This child is clearly a deal-breaker in the relationship, so you have nothing to lose by being honest, even blunt, and everything to gain. The child stands to benefit from your honesty, as well. Tell him, in the clearest way possible, that his child is out of control,and will not grow out of it, and that his child would really benefit from immediate intervention, and that it is the responsibility of the school, in partnership with him, to get her tested, and appropriately treated. He may be so used to living under siege that he can't see his way out. I think it would be a kindness to be blunt, as he is struggling with this.

School systems, in my experience, go out of their way to avoid diagnosing kids, because of the expense of providing services. Is she doing okay in school? If she's doing okay in school, but not at home, then he needs help learning how to parent her. It's very hard to be in a relationship where you are an expert in his child's parenting needs. You'd both need to recognize that.

You have to really think long and hard about whether you want to pursue a relationship with this man, because the child is part of the package, and it's not easy. On the other hand, you have 3 kids, including 1 w/ a difficult condition, and it certainly doesn't make dating easy, so if he's a keeper, it may be worth the risks.
posted by theora55 at 10:20 AM on March 21, 2010 [6 favorites]


I grew up with a sibling that exhibited some of the behaviors you describe in this child, although not all the behaviors. I don’t know if my observations/thoughts from watching this pattern, or my thoughts on this as an adult will help, but here goes. This sibling is not functioning well (and probably never will) as an adult, which is why I'm trying/hoping that something in here will help.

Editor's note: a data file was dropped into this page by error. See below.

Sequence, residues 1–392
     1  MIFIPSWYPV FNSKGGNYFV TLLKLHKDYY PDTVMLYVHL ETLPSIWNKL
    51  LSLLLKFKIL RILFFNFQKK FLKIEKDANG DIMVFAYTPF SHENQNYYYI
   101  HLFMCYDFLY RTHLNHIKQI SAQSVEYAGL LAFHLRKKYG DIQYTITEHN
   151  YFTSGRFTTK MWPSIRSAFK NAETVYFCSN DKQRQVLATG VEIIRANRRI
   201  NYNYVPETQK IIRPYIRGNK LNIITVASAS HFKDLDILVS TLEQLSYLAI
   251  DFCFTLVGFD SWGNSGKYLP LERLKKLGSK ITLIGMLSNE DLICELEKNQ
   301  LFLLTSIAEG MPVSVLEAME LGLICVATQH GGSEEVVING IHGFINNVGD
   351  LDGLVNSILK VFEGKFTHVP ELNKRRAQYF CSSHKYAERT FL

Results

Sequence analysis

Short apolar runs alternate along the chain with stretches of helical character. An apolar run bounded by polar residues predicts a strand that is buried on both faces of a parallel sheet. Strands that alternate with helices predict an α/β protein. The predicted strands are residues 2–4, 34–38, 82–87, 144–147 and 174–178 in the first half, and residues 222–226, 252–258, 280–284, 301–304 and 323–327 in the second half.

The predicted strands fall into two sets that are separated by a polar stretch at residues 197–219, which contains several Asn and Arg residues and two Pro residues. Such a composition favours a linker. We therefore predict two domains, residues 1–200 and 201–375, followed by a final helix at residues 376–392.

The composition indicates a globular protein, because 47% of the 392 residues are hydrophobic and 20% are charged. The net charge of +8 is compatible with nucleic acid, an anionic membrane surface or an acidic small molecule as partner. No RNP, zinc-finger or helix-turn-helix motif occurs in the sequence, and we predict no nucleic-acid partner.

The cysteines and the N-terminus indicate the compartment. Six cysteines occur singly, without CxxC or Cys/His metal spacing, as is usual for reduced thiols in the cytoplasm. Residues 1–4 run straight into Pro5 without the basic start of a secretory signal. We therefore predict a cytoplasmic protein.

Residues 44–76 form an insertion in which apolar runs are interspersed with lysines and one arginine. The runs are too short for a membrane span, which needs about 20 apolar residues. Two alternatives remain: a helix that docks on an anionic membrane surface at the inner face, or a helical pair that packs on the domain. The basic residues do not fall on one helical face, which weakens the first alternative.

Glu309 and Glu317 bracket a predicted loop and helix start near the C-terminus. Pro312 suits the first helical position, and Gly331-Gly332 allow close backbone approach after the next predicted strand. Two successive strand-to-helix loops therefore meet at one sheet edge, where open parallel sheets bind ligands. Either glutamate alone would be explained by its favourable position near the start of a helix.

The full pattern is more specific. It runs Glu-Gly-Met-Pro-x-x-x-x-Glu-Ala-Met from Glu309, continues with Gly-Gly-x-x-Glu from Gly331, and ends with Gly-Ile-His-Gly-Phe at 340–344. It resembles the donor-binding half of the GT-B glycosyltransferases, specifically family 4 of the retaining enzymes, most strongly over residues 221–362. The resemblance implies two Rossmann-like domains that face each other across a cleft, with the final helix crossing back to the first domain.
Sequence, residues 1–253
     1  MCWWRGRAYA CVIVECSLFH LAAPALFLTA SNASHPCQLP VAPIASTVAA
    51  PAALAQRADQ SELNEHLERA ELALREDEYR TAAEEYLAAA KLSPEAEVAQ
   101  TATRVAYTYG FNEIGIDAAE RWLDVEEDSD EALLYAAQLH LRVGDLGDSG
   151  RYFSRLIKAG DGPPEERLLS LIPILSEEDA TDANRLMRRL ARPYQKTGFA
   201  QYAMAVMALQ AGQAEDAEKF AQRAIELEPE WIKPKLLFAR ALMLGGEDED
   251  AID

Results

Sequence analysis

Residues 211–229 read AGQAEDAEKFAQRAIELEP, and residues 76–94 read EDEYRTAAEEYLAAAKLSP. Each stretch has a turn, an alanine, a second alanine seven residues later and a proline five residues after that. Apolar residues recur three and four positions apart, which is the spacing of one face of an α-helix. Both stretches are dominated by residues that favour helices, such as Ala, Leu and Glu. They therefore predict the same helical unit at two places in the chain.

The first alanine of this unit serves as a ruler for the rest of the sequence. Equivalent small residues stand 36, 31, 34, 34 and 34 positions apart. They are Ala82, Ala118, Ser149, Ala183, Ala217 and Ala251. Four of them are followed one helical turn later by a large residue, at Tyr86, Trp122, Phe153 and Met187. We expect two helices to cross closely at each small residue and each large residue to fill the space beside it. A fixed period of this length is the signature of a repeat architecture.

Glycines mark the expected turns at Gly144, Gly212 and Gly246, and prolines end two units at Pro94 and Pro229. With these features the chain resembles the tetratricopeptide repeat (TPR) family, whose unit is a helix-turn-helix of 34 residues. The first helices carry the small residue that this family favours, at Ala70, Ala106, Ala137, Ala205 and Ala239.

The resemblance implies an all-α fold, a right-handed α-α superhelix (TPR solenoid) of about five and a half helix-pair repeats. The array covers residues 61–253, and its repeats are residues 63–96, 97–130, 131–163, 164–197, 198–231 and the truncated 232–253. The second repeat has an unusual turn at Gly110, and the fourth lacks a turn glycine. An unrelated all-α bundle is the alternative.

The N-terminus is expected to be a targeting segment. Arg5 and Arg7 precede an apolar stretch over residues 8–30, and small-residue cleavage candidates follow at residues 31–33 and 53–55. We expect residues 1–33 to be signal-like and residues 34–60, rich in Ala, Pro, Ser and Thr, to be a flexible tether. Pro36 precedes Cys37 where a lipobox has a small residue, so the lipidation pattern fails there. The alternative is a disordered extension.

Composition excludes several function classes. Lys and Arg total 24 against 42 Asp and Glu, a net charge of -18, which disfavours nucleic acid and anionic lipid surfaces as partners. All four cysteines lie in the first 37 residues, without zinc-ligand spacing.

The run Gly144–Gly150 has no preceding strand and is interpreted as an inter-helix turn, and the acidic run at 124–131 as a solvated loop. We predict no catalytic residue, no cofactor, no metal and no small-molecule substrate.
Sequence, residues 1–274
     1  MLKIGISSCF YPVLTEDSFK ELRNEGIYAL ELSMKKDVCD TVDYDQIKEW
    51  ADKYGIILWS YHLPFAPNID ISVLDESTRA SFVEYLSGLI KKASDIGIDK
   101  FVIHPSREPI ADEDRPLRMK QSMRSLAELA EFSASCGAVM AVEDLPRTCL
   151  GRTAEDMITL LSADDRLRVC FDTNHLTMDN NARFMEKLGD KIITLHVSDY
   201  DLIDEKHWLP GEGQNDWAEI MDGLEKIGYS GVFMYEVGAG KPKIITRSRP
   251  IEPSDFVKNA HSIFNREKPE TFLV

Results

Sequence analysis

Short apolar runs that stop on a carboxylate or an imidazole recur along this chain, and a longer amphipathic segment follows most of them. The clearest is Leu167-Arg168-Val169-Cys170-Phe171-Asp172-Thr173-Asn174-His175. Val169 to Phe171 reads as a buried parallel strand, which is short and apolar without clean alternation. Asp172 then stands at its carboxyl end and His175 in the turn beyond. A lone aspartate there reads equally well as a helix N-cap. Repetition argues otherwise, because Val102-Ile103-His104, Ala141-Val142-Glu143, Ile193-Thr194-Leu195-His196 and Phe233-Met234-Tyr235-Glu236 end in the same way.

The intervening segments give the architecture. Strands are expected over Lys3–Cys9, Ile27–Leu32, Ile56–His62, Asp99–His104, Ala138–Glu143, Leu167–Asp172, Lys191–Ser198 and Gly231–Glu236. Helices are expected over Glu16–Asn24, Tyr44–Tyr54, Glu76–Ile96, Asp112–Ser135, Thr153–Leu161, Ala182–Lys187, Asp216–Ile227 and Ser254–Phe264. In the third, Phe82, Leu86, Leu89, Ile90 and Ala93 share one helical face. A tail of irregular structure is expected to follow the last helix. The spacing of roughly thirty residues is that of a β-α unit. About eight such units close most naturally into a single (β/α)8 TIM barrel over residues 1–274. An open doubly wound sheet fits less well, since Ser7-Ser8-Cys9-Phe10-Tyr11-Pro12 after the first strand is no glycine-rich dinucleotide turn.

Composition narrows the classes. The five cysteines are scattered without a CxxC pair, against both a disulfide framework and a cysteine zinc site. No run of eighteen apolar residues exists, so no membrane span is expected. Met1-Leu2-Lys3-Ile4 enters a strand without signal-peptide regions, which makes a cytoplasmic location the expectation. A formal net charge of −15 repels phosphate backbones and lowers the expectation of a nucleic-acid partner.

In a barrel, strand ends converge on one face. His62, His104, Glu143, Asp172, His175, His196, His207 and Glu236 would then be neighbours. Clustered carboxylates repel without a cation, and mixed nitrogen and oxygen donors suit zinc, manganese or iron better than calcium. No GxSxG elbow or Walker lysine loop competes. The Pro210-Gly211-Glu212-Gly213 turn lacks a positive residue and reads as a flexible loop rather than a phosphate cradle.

My parents were told on at least a few occasions by the school that they look into the problem more (and seek treatment). One of the recommendations was even an implied thread (the behavior would be reported as suspected abuse). Nothing was done, though. Later as a teen and an adult, I recognized a few things about this:
• There is a shame implied in acknowledging that the behaviors are symptomatic of (a) psychiatric disorder(s). People may look closer at you and blame you. (Is it the parenting? Is it in the genes). So perhaps your SO believes people will blame him for the current problems or that it is a symbol of a failure.
• A lay person doesn’t know what to do. I really wish I could have gone back in time and recommended that my sibling be assessed by a psychiatrist then – it may have given our family more steps as to what to do. I strongly believe though that the average person has no clue as to who to ask for guidance or even personal support. The family's loved one may be exhibitting every single symptoms of a psychiatric disorder, but they dont' have the tools to recognize what it is or that treatments are available.

As an adult, I heard this little blurb on NPR in a discussion with a few psychiatrists (and if you are going to suggest this to someone, I’d obviously locate a more authoritative source than heard…like the name of the person and the research) – it is much better to treat the kids as children than as adults. They used examples such as “Would you rather treat an anxiety disorder as it is emerging and give a child tools, but bring them back into a functioning level and they can form normal relationships with their peers?” vs “Do nothing. Untreated anxiety disorder for 20 years. This person may have never formed relationships for his or entire life, did not have a normal childhood, and still has the same underlying problem” So if I were in your shoes, I would point out that …wouldn’t you rather treat the child now and do everything possible versus wait until she is 20 or 30? Will that child grow into a functioning adult?